2014 Can-Am Champions
It’s officially springtime, and in Pomona, New York, fans are ready to cheer on their Rockland Boulders. Looking to repeat as Can-Am Champions, the Rockland Boulders are a shining example of the resurgence of independent baseball across America and internationally.
At one point, independent baseball leagues such as the Canadian-American Association of Professional Baseball used to be known as outlaw leagues because of their operation outside of affiliated baseball. Affiliated baseball, of course, encompasses the 30 MLB teams and their Triple-A, Double-A and Single A affiliates which are used to source and develop new talent. In the golden age of baseball, there used to be many more affiliated minor leagues and teams, but economic constraints began limiting that number. However, as Boulders President Ken Lehner explained, the benefits of independent baseball have become more apparent over the last two decades.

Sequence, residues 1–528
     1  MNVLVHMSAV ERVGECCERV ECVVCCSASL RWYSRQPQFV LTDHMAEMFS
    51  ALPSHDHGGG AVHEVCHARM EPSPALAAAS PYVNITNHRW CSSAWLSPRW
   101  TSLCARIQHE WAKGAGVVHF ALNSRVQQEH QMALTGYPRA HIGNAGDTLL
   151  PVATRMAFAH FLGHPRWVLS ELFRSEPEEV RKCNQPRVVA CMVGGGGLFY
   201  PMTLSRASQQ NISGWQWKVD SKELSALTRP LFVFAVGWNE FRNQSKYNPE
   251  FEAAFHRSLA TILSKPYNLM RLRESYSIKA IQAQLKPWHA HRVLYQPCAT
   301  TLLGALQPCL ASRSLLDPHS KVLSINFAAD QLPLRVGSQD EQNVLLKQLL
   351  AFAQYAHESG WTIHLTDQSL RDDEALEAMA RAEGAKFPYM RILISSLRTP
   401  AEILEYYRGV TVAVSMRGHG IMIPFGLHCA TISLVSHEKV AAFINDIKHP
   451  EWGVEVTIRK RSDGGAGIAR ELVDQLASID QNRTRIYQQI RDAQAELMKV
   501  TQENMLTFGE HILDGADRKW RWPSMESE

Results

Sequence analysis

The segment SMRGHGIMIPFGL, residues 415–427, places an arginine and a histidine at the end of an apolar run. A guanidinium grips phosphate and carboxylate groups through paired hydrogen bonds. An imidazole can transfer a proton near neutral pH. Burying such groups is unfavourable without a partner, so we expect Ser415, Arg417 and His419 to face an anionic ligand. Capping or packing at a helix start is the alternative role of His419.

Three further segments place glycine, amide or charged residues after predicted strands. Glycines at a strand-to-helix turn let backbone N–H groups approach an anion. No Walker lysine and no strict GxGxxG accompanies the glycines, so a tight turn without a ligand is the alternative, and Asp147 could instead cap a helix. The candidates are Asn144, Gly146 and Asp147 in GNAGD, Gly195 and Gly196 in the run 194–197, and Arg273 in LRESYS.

“What happened about 20 years ago is that there are all kinds of communities across not only the United States, but Canada and other parts of the world who want to have a hometown team,” he said. “They have the financial wherewithal to build a facility, they have a local market who will support the team, and there’s players out there who can compete at a level that might have been overlooked by an affiliated situation.”
“There’s upwards of 65 independent baseball teams that are playing now in the United States and Canada, as well as overseas in countries like South Korea and Japan,” Lehner added. “Independent baseball is becoming a new resource for MLB teams to potentially procure talent.”